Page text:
Weighing the Star Wars Effect
Hollywood gave itself a giant New Year’s present this past weekend in the form of its sci-fi epic Star Wars: The Force Awakens, which continued to post box office records. As of Sunday, January 3, 2016, the Walt Disney Company–produced adventure tale had grossed $740 million in the U.S. and an even more boastful $770 million from international markets for a total haul of $1.51 billion, amassed in only 19 days.
Planners waiting patiently on line for tickets at their local multiplex—along with fans dressed as Darth Vader, Chewbacca and R2D2—could only marvel at how huge a cultural phenomenon the Star Wars franchise had become. The current edition, after all, was the seventh in the series that dates to 1977 and the first to debut in a decade.
But experienced planners, waiting for the theater doors to open, may also have been thinking—happily or unhappily—that “Star Wars” mania was now likely to be with them professionally for a while.
Unlike most moviegoers for whom the present Star Wars excitement will cool down soon enough, planners can expect multimillion-dollar, high-tech attractions based on the movie to show up in a year or two at Disney theme parks in Orlando, Anaheim, Tokyo, Hong Kong and outside of Paris, all popular meetings destinations.
Think of how attractions based on other wildly successful, high grossing films had transformed everyday destinations in recent years into the hot destination of the year, especially for meetings and events that encourage families to accompany attendees. “The Wizarding World of Harry Potter” at Universal Orlando Resort (2010), anyone?
Given the broad appeal of these movies and the afterlife they enjoy in terms of product merchandising, DVD sales and other spinoffs, it’s not surprising that the creative minds at Disney and Universal see an opportunity to extend their good fortune at their theme park assets.
Nor are movie-theme park tie-in attractions a new phenomenon. Jurassic Park: The Ride opened at Universal Studios Hollywood in 1996, following the successful debut of that movie franchise and was subsequently cloned at Universal parks in Osaka, Japan, and Singapore. And there’s a good chance the attraction will get an extension or further cloning going forward, considering the grosses the Jurassic World sequel earned by the end of its run in 2015 ($1.66 billion worldwide).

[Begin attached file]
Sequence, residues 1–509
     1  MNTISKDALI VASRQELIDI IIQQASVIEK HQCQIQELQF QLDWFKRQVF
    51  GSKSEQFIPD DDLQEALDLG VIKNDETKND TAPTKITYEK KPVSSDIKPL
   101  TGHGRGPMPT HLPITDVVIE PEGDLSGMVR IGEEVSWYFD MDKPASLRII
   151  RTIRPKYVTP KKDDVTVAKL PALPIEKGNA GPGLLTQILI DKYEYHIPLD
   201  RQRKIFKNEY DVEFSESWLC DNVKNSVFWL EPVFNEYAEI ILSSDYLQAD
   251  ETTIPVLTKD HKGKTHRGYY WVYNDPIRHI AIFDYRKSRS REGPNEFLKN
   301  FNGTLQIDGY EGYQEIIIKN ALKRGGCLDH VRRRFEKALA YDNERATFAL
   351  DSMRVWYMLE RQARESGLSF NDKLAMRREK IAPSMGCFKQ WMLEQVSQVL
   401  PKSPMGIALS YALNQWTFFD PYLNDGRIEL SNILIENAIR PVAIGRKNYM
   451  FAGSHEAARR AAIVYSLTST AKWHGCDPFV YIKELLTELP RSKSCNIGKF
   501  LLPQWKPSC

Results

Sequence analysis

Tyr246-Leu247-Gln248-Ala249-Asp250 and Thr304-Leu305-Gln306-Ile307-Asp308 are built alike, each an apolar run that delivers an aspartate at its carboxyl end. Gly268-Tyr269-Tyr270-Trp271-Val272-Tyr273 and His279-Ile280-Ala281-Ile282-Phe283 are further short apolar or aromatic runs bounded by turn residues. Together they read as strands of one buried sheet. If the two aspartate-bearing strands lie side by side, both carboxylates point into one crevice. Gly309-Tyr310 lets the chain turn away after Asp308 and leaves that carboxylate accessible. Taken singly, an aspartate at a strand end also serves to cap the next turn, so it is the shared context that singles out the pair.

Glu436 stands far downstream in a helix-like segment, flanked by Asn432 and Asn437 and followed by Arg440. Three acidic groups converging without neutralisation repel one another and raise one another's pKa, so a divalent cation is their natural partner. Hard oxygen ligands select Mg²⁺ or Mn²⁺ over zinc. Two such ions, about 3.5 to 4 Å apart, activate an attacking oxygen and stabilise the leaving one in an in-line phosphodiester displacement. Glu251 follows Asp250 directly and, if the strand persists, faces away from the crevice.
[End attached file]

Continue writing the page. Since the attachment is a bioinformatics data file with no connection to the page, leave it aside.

For planners interested in holding events at theme parks in conjunction with meetings and events in Orlando or other of these destinations, choose tie-ins with movies that have had broad appeal over generations. Both Star Wars and Jurassic World would qualify, compared to Frozen or Hunger Games, for example, which are spawning theme park attractions in Orlando and Dubai, respectively. Multi-generational appeal helps ensure that attendees of different ages will respond positively. (Baby Boomers find Star Wars nostalgic, after all.)
Then decide if a “day at the park,” where attendees and their families are pretty much left to their own devices will suffice. If not (and budget allows), work with the theme park’s group marketing department to plan a more customized program, typically after the park’s normal closing hours. Rides will be available, a buffet dinner can be catered on site, costumed characters can be available for photographs and, of course, the gift shop can remain open for sale of logo merchandise.
Photo credits: Bruce Serlen, Sergey Olegovich / Shutterstock.com